• Rex, DK & Helbig, CC 2007, ' High Yields of Small and Flat Adenomas With High-Definition Colonoscopes Using Either White Light or Narrow Band Imaging ', Gastroenterology , vol. 133, no. 1, pp. 42-47. (
  • All examinations were performed by a single experienced endoscopist with a known high detection rate of adenomas using high-definition, wide-angle (170° field of view) colonoscopes. (
  • Motus GI , a company out of Fort Lauderdale, Florida, won FDA clearance for its Pure-Vu Slim Sleeve, an extension that allows the Pure-Vu System to be used with slim colonoscopes. (
  • Having Pure-Vu® compatible with slim colonoscopes will be critically important for patients with complex anatomy which can happen quite often in the inpatient setting," in a published statement said Tamas Gonda, M.D. from Columbia University Medical Center in NY. (
  • A colonoscope is a semi-flexible tube with 2 cable-driven degrees of freedom (DOFs) in the tip (pitch and yaw angles), which are controlled by an external manual handle. (
  • Two additional DOFs are provided by rotating the colonoscope through its handle and by pushing the instrument through the anus. (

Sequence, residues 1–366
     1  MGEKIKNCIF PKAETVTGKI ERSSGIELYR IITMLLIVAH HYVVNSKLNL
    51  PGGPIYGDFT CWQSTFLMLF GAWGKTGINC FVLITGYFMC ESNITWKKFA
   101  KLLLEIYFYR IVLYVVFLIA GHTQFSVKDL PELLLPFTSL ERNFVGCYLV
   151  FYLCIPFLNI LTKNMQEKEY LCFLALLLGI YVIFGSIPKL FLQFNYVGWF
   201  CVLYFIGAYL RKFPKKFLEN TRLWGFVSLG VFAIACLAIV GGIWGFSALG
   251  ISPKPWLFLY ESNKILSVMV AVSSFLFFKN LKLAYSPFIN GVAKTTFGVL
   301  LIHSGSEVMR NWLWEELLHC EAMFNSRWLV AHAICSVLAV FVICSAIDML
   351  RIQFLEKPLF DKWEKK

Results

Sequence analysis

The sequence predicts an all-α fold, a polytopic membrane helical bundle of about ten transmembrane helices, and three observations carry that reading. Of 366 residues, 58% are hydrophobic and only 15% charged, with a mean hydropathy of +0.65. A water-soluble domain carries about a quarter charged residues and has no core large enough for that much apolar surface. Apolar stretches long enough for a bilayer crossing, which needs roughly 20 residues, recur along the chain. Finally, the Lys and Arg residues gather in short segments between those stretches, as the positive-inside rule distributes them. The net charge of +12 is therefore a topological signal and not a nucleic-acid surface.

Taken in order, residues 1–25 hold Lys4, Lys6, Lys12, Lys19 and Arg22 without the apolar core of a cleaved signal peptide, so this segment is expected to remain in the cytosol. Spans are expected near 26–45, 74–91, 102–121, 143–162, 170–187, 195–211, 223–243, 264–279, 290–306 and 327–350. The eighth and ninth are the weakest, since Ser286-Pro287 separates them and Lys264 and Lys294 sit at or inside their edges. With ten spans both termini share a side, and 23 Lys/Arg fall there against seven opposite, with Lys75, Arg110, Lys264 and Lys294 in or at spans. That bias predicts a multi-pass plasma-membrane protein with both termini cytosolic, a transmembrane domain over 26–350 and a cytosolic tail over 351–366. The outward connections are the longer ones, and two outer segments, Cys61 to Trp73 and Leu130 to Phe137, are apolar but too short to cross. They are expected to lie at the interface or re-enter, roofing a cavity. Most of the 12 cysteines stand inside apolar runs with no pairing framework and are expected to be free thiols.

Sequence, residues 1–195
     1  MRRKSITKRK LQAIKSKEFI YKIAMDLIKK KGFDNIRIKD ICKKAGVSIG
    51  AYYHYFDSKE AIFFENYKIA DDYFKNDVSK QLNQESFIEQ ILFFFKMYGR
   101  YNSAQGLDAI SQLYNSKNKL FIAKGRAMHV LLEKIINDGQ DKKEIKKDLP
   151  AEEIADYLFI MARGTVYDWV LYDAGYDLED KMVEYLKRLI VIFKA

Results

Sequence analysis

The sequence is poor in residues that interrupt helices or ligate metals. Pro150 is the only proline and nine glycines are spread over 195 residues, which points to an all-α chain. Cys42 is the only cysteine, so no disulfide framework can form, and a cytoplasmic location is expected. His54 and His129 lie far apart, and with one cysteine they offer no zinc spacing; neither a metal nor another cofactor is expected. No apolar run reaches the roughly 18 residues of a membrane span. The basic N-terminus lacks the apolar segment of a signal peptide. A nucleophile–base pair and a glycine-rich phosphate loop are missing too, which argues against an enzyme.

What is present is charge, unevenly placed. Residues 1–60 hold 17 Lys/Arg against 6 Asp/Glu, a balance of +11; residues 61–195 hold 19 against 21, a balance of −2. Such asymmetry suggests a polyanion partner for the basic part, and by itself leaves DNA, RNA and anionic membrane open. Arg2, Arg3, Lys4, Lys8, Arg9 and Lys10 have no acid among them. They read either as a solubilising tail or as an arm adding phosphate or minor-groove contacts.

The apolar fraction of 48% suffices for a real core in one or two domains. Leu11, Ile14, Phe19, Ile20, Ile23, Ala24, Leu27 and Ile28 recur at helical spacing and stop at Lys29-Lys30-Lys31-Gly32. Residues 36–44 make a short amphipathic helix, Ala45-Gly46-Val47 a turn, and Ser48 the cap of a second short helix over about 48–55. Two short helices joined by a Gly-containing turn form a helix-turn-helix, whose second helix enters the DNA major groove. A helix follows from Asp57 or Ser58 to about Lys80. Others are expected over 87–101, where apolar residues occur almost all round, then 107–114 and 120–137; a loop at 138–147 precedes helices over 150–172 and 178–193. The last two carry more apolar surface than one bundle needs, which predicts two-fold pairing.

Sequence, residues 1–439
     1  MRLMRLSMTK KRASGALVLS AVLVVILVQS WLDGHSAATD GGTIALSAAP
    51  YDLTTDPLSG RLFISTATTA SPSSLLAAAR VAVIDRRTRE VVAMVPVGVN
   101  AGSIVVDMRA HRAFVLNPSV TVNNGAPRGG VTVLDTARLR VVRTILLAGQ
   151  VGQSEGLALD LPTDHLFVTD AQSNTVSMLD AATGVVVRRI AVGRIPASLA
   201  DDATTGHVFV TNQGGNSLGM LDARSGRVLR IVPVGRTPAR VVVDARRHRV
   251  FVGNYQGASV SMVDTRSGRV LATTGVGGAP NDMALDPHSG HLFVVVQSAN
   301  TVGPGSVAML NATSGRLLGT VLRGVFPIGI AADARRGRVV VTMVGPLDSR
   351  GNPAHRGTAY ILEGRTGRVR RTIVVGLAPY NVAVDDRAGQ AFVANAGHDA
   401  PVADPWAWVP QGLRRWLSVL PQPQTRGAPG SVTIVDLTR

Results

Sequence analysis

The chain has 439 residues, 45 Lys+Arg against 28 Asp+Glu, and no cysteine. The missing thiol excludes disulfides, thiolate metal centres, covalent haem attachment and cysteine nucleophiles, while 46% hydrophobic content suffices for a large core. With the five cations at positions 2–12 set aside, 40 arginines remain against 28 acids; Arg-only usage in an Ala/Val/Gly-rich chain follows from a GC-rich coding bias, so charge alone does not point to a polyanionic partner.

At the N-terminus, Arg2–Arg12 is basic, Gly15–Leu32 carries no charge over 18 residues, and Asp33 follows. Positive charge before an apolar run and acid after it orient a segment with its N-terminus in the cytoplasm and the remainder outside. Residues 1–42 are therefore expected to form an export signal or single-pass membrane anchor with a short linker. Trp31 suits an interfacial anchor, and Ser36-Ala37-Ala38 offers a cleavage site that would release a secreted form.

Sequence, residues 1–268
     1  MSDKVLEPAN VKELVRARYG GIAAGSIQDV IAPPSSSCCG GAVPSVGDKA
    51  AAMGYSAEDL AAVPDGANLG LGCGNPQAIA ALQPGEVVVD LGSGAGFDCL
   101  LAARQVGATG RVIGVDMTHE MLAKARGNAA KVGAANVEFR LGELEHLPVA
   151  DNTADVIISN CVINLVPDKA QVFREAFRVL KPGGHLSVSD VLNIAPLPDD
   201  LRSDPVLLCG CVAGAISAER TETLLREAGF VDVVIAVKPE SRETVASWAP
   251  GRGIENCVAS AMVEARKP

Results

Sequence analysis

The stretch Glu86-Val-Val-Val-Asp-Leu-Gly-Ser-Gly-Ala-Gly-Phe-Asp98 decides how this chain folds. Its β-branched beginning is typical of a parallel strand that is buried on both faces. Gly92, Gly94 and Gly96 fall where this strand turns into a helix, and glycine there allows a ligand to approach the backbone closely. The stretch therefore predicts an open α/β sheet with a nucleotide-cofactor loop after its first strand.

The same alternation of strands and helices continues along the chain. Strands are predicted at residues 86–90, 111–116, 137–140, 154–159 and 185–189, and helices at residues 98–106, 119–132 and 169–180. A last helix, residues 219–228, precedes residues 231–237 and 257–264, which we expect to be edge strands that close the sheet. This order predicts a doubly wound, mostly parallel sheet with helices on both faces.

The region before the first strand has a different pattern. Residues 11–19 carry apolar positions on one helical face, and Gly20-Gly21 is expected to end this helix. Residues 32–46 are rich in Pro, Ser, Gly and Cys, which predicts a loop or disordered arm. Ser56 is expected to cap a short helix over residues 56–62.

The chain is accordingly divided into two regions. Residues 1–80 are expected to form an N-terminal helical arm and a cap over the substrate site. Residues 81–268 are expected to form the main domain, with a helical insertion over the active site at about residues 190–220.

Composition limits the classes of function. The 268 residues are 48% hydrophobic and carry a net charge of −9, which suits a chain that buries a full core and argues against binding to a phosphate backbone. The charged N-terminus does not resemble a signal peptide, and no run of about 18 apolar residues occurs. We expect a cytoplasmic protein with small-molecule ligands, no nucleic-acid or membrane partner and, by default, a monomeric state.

• A colonoscope is engineered such that biopsies of suspicious areas can be obtained, and polyps (which may turn into cancer) can be removed. (
  • All examinations were performed by a single experienced endoscopist with a known high detection rate of adenomas using high-definition, wide-angle (170° field of view) colonoscopes. (
  • To remove the polyp, the doctor will use an electrical attachment on the colonoscope, known as the snare loop, to simultaneously excise the polyp and cauterize the wound. (
  • The Colonoscope market analysis is provided for the international market including development history, competitive landscape analysis, and major regions development status. (
  • This project will develop a simple, easy to use system which projects a three dimensional imageof the position of a colonoscope onto a video screen next to the endoscopic image. (
  • In 2018 the FDA said that despite colonoscopes containing infectious material, they can't recommend that they stop being used because there is no better diagnostic procedure available. (